So what’s next for me in teaching? Like I said, I’d love to perhaps be an adjunct guest professor for a grad school program in a low-pressure kind of academic environment. As for karate, I have a bit more ambitious dreams. In another 10 years there’s a real possibility, if I keep up with my training, that I might be able to earn the rank of Master, and as such be able to open my own karate studio. Again, if you told me I’d be thinking about starting my own business, especially a gym for physical activity, five years ago, I wouldn’t have believed it. But again, if I’m able to supplement that income with other things like academics or writing, maybe it could work.

Whatever the outcome, I’m excited to see what the future holds now that I feel I’ve discovered one of my true passions in life: educating others.


5 thoughts on “How Teaching Changed My Life

  1. I really love how you wrote this and it was a treat getting to read up on what you do, your passions, and possible plans for the future. Let me start off by saying how cool you are in my mind just the very fact that you are a second-degree black belt in Tang Soo Do, that is insane and you should you proud of yourself. I can’t imagine how hard that must’ve been. It’s amazing that you have a passion for teaching and clearly the patience as well because I don’t think I do but the world needs more people like you. I think the rewards of knowing that you shaped the mind and skills of another human being probably outweighed the times you wanted to give yourself alopecia. I think it wouldn’t hurt if you tried it all, being a part-time grad professor/karate master/writer….wait, are you sure you’re not part of the X-men? πŸ˜‚ but yeah try it all and see what calls to you more it might be all three areas or you might find that you gravitate more towards one area, either way, you won’t know till you try it out. Wishing you all the best on your endeavors and I hope you can one day turn me into the Black Widow πŸ˜„

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    • Aw thank you so much!!! That’s very kind of you and definitely made my day. Really getting to Black Belt, other than the physical exertion, is just a process of perseverance and patience. Even when my training stalled for four years while I was away in college, and then on and off for three more living out of state, I always knew I wanted to complete it and I just never gave up. It’s a lot like writing, haha. Just don’t stop and you’ll finish…eventually. See, I thought that too before I started teaching and I found I had a lot more passion and patience for it than I thought I would. Maybe you’d have the same experience if you tried it? You never know until you do! And you’re absolutely right, the risks of alopecia (I laughed out loud at that by the way) are definitely outweighed by the satisfaction I get. Ha if I were one of the X-Men I’d actually have some kind of super speed powers so I could get everything done. Unfortunately I’m just a normal human running around every minute of the day like a crazy person. But I’m definitely going to keep all this in mind and hopefully try to do something with it someday. Well like I said, with the right attitude anyone can do it, and I can tell you’ve got a great one. I’d love to have someone like you as a student! Also: you’re a Marvel fan too??? Be still my heart! Haha.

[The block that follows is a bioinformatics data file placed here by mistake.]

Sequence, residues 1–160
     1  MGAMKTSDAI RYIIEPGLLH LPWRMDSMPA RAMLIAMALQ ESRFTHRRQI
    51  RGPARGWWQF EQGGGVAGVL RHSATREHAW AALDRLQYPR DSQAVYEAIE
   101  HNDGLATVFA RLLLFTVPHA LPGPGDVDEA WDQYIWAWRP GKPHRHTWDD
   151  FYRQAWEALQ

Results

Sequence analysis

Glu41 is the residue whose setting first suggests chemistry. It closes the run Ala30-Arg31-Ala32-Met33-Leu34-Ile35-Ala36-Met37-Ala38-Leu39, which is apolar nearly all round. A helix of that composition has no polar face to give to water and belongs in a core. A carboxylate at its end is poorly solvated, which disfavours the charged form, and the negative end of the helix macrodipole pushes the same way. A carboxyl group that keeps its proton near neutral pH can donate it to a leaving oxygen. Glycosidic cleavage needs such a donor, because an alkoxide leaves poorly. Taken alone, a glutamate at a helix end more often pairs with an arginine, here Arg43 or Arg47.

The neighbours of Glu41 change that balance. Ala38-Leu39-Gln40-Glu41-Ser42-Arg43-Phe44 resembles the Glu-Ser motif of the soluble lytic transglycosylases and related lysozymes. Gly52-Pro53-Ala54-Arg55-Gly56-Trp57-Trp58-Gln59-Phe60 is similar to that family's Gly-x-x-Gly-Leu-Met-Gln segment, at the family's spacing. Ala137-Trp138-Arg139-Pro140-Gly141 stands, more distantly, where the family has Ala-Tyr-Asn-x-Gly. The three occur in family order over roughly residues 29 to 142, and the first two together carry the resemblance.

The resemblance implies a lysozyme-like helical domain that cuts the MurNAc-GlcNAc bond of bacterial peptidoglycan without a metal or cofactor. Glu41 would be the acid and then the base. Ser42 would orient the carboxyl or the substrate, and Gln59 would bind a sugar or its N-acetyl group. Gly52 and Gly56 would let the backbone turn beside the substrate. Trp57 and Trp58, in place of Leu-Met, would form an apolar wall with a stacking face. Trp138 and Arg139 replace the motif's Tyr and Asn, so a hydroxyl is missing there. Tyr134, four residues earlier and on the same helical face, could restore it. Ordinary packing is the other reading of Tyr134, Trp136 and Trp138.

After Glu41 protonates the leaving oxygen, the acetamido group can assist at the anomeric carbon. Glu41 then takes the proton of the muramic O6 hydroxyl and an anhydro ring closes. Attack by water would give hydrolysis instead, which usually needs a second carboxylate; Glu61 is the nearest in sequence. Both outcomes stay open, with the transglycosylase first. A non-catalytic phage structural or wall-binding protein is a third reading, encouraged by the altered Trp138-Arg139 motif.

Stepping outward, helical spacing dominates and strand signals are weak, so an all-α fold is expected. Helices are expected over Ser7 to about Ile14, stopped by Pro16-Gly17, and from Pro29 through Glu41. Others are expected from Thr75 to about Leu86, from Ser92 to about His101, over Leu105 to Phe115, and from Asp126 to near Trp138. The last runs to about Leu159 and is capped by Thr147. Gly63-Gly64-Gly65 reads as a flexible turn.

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      • That’s still a heck of a lot of persistence and patience though! Yeah I really don’t think teaching is for me just the fear of steering someone in the wrong direction and my slight agitation when I have to repeat myself numerous times might me a crappy one πŸ˜‚. Plus i enjoy my hair follicles in place πŸ˜‰. Haha I feel you on running around its been the same for me as well especially this past week. As for Marvel I don’t think I’m a hardcore fan just because I have friends who i think are way more invested than me and started with the comics BUT that aside I do THOROUGHLY enjoy all Marvel movies! Its a great escape, I’m guessing you are a hardcore fan? πŸ˜„

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      • Like I said, I really do think anything can be accomplished by anyone with enough of both of those things, and I’m sure you have them in spades so don’t count yourself out! But I do understand what you mean, and teaching can be stressful sometimes not knowing whether you’ve made a difference or explained yourself properly or not. To each their own! Haha yeah I’d like to keep my hair if possible, it’s really the only thing about my appearance that I’m extremely vain and fussy about. My job always keeps me busy, but I’m due for a vacation very soon and I’m super excited about that of course, even during these crazy times. Ah okay, I see. Well I’m not a big comic book reader myself but I do love the movies with a passion and the whole Marvel universe in general. Superheroes as a genre has always been one of my favorites: as you said, it’s the best form of escapism you can get, and sometimes it’s just so much pure fun or it can tackle such deep and meaningful themes while sticking to classic, never-fail story structures that you just can’t lose. Definitely a big fan, and just a huge geek in general. Just so you know what you’re getting into when talking with me. Haha.

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      • You should def enjoy your time off when you eventually get it, do you have any plans yet? haha I agree the Marvel Universe is amazing and the themes are tried and true its just a formula that works time and time again! Haha yes geek out! The most interesting and wild conversations I’ve had is with geeks. So rock on πŸ‘ŒπŸΎπŸ™ŒπŸΎ